Tuesday 24 June 2014

M T MgGuire

Although I label MT's books as funny fantasy, this is rather different.  It's far more introspective and angst-ridden. It's full of tension and nicely ratchets up our expectations for the final book. No pressure, then!

One Man, No Plan

amazon.com One Man, No Plan

My review - 

I assume readers of this review have read the first two books in the excellent K'Barthan series but if you haven't I'll try to make sure that I don't spoil either of those for you. The villainous Lord Vernon is determined to declare himself The Candidate and marry The Chosen One. She, however, is in love with The Pan of Hamgee – form a queue behind me! Actually, I have a thing for the Thing. Big Merv, the Swamp Thing. On with the review! 

This book is more introspective than the earlier two which were full of action. Here we deal with motivations and feelings. Ruth is asked to choose between her own happiness and the life of the person she loves. She has to be convincing so he must believe she doesn't love him. There are some heartrending passages here. It's horrible but it's beautifully done. The Pan pulls things together towards the end, then steps out to meet his fate. I won't be the only one hardly daring to breathe till we find out what happens in Book 4.

Friday 13 June 2014

David Hadley

This is the first longer work I've read from David Hadley and it gave me a lot of chuckles!

Juggling Balls

Amazon .com Juggling Balls

My review - 

Martin lives in a shared house and begins to realise the other inhabitants have memories that he should share but he doesn't. He has to rely on the others who inform him he's their leader. Someone is trying to take over the world but in a benign way. He doesn't want power or riches, but to make people cooperate and to end wars. He's known as the Colonel. Would you want peace at the price of a chip in your brain which takes away your free will? And this chip is going to be activated by... Elvis! This is really off-the-wall stuff and a quirky mix of fantasy, sci-fi and humour.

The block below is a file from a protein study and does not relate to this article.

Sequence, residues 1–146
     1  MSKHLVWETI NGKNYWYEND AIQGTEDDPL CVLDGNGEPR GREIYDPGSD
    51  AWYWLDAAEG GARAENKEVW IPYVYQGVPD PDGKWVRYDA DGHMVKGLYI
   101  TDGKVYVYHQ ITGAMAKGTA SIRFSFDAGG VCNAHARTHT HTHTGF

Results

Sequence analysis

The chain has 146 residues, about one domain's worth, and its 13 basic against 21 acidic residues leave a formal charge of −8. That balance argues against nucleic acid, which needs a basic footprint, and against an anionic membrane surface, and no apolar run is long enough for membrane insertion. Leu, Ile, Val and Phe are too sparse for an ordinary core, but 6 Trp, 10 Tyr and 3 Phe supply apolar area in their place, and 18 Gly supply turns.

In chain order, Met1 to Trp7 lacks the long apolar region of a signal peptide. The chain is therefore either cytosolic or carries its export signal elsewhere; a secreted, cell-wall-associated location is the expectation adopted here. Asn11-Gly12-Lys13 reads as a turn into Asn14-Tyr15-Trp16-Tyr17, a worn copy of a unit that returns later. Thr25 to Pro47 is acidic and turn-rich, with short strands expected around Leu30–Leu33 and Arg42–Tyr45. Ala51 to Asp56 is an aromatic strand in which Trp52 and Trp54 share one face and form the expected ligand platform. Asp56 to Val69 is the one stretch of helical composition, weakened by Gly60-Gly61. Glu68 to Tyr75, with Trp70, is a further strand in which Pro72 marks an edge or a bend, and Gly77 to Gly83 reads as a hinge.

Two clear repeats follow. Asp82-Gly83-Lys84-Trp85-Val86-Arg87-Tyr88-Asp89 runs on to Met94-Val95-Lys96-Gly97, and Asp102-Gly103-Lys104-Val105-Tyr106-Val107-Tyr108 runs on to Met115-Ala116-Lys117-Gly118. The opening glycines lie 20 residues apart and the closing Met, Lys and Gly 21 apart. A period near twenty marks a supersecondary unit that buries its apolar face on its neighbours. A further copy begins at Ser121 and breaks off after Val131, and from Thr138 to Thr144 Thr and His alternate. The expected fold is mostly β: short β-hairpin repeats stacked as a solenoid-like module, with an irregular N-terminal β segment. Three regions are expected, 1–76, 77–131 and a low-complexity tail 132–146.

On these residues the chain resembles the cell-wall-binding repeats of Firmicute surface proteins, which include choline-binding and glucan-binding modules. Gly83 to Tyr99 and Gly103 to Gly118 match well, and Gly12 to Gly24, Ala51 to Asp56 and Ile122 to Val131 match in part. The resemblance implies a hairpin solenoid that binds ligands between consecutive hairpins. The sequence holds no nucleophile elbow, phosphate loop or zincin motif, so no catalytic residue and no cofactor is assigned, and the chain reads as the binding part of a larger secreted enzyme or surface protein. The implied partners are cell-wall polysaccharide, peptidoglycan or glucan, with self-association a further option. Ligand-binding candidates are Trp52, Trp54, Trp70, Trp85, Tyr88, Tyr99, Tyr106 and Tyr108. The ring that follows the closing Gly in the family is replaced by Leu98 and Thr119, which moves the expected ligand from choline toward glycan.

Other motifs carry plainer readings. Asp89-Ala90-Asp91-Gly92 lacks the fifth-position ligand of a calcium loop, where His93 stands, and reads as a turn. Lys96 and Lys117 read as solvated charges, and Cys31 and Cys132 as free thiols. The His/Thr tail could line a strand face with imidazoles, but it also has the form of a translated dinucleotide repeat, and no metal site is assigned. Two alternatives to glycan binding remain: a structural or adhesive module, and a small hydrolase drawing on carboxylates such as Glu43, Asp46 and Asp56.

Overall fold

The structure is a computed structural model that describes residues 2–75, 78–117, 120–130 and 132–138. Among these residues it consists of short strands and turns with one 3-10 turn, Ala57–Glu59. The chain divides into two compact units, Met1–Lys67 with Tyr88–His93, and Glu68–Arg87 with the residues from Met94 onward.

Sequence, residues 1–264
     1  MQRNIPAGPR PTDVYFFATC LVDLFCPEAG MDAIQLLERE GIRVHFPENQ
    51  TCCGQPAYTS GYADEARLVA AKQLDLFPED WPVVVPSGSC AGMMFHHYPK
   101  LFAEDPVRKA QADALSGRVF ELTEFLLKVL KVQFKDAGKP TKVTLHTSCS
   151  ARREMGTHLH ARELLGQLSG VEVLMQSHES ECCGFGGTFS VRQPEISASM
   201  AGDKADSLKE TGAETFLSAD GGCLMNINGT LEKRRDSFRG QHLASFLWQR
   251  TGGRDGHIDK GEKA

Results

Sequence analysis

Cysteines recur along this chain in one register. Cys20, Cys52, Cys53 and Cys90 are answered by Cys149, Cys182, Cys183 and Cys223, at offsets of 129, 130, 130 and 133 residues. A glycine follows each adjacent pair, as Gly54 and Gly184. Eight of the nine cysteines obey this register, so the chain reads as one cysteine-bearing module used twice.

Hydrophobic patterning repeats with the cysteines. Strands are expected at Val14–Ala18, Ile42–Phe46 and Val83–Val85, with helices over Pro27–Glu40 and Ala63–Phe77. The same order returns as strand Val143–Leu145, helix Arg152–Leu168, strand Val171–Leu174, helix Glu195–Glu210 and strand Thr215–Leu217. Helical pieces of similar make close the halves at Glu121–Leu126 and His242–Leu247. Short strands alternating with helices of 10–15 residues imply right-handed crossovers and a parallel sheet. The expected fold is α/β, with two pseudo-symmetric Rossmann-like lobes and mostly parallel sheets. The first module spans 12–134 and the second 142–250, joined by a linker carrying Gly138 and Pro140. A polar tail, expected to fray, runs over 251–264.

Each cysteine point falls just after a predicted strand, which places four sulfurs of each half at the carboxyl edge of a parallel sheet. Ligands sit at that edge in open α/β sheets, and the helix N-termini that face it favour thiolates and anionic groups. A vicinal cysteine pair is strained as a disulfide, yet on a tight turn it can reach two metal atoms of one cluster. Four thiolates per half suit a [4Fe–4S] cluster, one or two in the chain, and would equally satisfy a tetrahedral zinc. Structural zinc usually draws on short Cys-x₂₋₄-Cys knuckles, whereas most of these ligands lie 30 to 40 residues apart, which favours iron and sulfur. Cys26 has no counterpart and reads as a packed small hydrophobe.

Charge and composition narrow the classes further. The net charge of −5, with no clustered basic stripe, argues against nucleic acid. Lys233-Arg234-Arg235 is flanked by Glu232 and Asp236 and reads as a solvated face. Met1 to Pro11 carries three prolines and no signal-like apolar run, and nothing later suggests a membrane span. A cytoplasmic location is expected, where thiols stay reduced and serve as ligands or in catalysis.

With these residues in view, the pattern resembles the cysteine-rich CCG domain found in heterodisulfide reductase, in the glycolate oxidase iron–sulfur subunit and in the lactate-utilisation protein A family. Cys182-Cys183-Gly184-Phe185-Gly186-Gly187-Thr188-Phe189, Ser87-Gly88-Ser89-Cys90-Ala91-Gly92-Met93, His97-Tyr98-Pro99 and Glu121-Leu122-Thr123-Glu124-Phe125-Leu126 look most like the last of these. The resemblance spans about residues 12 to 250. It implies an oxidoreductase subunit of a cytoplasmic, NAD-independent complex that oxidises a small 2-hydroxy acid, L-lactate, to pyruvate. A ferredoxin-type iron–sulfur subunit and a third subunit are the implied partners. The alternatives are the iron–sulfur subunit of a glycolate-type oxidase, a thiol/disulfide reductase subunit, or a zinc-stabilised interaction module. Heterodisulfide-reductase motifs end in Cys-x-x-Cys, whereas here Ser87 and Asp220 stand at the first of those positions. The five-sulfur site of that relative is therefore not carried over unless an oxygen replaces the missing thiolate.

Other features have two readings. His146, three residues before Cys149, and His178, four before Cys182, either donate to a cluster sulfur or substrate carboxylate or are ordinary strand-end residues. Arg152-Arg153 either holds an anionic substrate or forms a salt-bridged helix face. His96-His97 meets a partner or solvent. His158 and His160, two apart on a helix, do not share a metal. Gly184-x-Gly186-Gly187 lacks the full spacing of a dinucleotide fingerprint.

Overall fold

I enjoyed this story and found the characters very individual and distinct which isn't easy with a big cast. The story is funny bordering on silly but I loved some of the detail. The Colonel's guards are called the Hound Dogs, for example. This book as has a high enjoyability quotient and is a light, fun read.

Monday 9 June 2014

Stuart Ayris

A really strong story here from Stuart, whose work I always enjoy.

My review - 

This story is set in eighteenth century Kent and is peopled with a wonderful set of characters both good and bad, including a tired, wise mule called Oaken. We meet Edward at the age of ten when he and his sister run away from a drunken father. The story is very much what fans of Stuart Ayris will expect. It's lyrical, whimsical, humorous and deep. You can't keep Mr Ayris down and he occasionally speaks in asides to the reader, in effect. We roll on through this story fearing an inevitability but with all good stories there's more there than is immediately apparent.

I enjoyed reading this, watching the development of the story and the unfolding of the characters. I don't know if any of this story is based on truth but the author always manages to sift his own truth from the lives of those he writes about. Highly recommended and possibly the author's best yet.